Small business incentives extended

Date: 5 December 2017
Small business incentives extended
More businesses can take advantage of a $20,000 immediate write-off.
In March 2017, as part of Treasury Laws Amendment (Enterprise Tax Plan) Bill 2016, the definition of a small business was changed to include those enterprises with an aggregated turnover of less than $10 million.
At the same time, the government was able to secure company tax cuts. These changes meant that from the 2016/2017 financial year, companies with an aggregated turnover of less than $10 million would be paying tax at the rate of 27.5 per cent, a 2.5 per cent reduction.
Companies with a turnover of up to $25 million would also receive the 2.5 per cent reduction to 27.5 per cent from the 1st of July 2017.
The changes also meant that concessions introduced during the May 2015 federal budget, which allowed small businesses with an aggregated turnover of less than $2 million to claim an instant asset write-off, would be extended to include those enterprises who met the new turnover threshold of less than $10 million. 

While these concessions were originally planned to end on the 30th of June 2017, the government has proposed that these changes will be extended by an additional year as part of the 9th of May 2017 federal budget.
Essentially this means more businesses will be entitled to deduct plant and equipment assets with a value of less than $20,000 immediately and for a longer period than initially planned.
Commercial property owners or tenants can consult with one of our expert staff for advice on how this ruling change will affect their depreciation deductions.
To learn more about claiming depreciation for a commercial property, visit
SOURCE: BMT Tax Depreciation
Run on regional shopping centres
The demand for regional shopping centres has cooled in recent months but the $14.5 million sale of the Victorian regional centre – Horsham Gateway shows there’s more life in this run yet.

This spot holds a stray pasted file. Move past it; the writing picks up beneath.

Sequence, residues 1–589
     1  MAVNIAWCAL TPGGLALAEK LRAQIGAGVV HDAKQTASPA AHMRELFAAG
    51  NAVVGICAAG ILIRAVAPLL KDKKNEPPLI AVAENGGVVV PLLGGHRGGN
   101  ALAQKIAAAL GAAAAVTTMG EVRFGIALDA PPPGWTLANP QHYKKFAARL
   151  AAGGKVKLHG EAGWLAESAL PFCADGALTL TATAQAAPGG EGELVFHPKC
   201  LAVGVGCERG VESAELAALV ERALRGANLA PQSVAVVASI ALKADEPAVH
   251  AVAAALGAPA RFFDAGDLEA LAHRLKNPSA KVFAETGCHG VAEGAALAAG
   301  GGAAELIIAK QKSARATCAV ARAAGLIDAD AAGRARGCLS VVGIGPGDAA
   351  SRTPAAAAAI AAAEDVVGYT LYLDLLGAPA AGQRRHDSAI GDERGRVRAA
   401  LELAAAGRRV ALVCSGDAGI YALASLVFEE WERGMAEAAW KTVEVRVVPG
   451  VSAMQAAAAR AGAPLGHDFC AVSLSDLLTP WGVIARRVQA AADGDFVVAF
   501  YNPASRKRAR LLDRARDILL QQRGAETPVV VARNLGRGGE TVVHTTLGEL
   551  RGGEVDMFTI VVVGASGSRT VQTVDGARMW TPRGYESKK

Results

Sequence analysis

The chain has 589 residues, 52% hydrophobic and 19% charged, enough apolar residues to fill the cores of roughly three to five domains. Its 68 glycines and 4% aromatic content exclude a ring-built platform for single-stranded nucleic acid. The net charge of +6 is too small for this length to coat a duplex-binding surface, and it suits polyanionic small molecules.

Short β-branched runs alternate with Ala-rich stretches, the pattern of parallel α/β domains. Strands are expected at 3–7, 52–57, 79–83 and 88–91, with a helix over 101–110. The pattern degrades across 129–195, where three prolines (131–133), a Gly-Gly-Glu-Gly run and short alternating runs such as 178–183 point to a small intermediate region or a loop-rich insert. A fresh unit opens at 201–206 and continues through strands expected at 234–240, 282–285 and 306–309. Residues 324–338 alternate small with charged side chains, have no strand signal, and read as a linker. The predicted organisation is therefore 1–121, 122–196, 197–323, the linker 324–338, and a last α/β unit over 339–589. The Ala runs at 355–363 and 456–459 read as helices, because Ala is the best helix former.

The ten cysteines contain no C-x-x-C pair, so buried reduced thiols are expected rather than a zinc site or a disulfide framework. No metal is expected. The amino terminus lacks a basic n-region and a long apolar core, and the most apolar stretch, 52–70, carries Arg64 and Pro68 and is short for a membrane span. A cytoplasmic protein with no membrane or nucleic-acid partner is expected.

A Chinese investor bought the new shopping centre, halfway between Melbourne and Adelaide, with the price paid reflecting a yield of around 7.7 per cent.
Leased to Target for 15 years, the centre also has five specialty stores and a gym operated by Snap Fitness. Built on a 12,040 square metre landholding, it has a further 2,020 square metres of surplus land ready for future expansion.
Apparently the Chinese buyer warded off competition from both a Singaporean fund and local private groups.
Chinese investors have spent more than $380 million buying shopping centres across Victoria over the past two years, demonstrating the strength of their ongoing apetite for well located assets backed by strong tenancy profiles such as Target, Coles and Woolworths.

Back to articles Filed under: Media / National News Tags: business, centres, chinese, commercial, enterprise, horsham, incentives, investors, off, shopping, small, tax, write
There are currently no comments on this article

Leave message

  Is three = five ? (true/false) (please enter the answer to the question or statement)